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Question

What does the 60i mean in 1920 x 1080/60i?

by redflyer89 / December 11, 2011 3:26 AM PST

I have a 46" LED 1080p 120Hz TV. When I turn it on it displays a box at the top that says 1920x1080/60i. My main question is what does that 60i mean?

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All Answers

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Answer
What does the 60i mean in 1920 x 1080/60i
by Samsung_CE_Tech Samsung staff / December 12, 2011 5:32 AM PST

redflyer89,

The 60i that is being stated in the infobox refers to the signal's refresh rate and the way that the signal is being transmitted. "60" stands for 60Hz and the "i" stands for interlaced.

--HDTech

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What does the 60i mean in 1920 x 1080/60i
by redflyer89 / December 12, 2011 7:59 AM PST

But the TV is 1080p and 120 Hz. Is it showing 60i because cable doesn't broadcast in 1080p and 120 Hz yet? And when I use my Blu-ray player it says 24p instead of 60i. Is there a setting to change to get it to play at 120 Hz?

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What does the 60i mean in 1920 x 1080/60i
by Samsung_CE_Tech Samsung staff / December 12, 2011 9:32 AM PST

redflyer89,

The reason you are seeing the 60i in the info box is because the info box only displays the signal's actual Hz and screen resolution and not the info of the picture on the screen after the TV processes it. Meaning that the 60i you are seeing is the signals actual specification and not the screen's specification. Currently there is no way to display the screen's specification in the info box since those specs are constant. Coincidentally, the Samsung TVs can only accept a 60Hz and lower signal.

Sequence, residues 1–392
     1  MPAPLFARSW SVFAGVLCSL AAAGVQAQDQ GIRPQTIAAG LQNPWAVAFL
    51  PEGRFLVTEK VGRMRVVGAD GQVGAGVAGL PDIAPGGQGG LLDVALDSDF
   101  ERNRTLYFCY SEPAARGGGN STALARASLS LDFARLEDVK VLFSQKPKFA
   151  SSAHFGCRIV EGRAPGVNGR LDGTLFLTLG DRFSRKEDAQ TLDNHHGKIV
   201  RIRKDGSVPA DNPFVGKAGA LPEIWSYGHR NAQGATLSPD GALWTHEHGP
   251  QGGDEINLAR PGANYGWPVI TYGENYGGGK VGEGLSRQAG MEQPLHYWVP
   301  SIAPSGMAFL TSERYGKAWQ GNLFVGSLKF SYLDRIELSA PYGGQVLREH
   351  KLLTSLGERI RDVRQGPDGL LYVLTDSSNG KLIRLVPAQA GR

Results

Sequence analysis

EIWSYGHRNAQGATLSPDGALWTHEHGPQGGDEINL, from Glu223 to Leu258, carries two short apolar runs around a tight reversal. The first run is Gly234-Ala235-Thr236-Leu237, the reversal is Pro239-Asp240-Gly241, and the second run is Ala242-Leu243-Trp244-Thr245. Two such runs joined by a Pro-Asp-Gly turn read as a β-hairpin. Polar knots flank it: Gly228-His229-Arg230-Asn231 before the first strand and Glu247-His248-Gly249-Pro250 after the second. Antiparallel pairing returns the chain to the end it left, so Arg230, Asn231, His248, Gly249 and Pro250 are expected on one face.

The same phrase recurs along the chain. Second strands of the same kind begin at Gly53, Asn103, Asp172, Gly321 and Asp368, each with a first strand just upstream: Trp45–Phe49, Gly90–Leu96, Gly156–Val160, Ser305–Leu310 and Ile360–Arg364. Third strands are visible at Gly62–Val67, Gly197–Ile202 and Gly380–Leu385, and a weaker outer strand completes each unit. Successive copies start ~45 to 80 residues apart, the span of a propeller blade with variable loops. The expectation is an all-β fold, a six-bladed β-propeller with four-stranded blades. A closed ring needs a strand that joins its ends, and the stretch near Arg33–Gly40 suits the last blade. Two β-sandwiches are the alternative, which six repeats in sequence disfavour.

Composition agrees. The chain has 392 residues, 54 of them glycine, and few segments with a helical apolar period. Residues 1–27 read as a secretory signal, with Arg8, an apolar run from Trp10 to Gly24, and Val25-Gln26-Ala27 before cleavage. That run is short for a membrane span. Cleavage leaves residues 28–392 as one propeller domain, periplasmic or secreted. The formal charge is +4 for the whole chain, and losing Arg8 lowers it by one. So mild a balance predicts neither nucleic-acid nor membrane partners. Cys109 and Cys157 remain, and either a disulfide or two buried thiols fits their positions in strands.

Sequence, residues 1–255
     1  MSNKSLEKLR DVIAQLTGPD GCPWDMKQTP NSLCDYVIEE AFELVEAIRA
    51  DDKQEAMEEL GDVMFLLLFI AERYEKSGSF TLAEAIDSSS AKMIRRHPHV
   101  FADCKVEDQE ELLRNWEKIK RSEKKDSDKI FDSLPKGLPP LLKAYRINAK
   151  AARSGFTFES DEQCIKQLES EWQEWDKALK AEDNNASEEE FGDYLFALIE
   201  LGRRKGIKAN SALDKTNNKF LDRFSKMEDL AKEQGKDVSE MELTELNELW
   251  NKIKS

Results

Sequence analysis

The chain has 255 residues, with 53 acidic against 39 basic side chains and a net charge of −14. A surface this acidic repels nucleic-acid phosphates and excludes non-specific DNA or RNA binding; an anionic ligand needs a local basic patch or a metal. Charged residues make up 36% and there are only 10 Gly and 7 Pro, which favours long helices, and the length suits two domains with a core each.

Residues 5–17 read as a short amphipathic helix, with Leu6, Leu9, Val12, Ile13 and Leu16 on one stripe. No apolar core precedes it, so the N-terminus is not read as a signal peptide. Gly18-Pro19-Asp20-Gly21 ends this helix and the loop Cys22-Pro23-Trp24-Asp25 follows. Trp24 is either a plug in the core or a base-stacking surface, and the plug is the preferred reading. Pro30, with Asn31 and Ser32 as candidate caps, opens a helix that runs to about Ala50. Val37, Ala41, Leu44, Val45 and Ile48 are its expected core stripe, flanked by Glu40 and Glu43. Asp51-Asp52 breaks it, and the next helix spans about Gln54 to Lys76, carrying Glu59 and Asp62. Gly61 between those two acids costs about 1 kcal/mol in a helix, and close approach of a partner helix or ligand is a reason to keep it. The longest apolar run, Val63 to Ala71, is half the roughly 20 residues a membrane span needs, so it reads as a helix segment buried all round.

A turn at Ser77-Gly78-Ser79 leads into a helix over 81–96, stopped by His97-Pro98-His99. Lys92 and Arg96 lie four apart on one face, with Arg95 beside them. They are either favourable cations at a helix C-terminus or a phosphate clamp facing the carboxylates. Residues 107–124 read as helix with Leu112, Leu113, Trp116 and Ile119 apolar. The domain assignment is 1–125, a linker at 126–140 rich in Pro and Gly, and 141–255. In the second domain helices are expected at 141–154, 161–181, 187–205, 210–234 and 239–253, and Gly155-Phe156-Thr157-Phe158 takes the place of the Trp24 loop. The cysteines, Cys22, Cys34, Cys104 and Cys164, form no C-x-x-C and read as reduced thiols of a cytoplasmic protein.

As for the BD Player's signal, 24p is actually the industry standard for Blu-Rays, since it most closely matches the frame rate of an actual in-theater movie. As a personal preference, I would not want extra processes adjusting the film's look and feel, since the way it is recorded on the disk is how the film makers intended it to be viewed. So I would actually turn off the Auto Motion Plus system (which will upconvert the 60hz and lower signal to 120Hz/240Hz using frame interpolation) and allow the 24p signal to be shown with little processing.

--HDTech

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Same issue
by DirtyP428 / December 25, 2011 11:49 AM PST

Does that mean that the tv is showing in 1080p despite the display saying 60i? When I hit info, the needle in the box in the lower right hand is in the middle between led tv and conventional tv. What exactly does that mean?

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Same issue
by Samsung_HD_Tech Samsung staff / December 27, 2011 6:23 AM PST
In reply to: Same issue

DirtyP428 -

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Samsung Smart Tv
by 8485maa / May 31, 2012 3:03 AM PDT
In reply to: Same issue

My parents purchased a Samsung Smart tv w/specifications reading 1920x1080 120i on the box and receipt, but the info on the tv displays 60i instead of 120. Why? I have read other comments...but does not convinces me. I have seen better quality pictures with less specification I mentioned above.

Thanks for your time to answer this question.

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Slightly different explanation
by Samsung_HD_Tech Samsung staff / May 31, 2012 3:55 AM PDT
In reply to: Samsung Smart Tv

8485maa,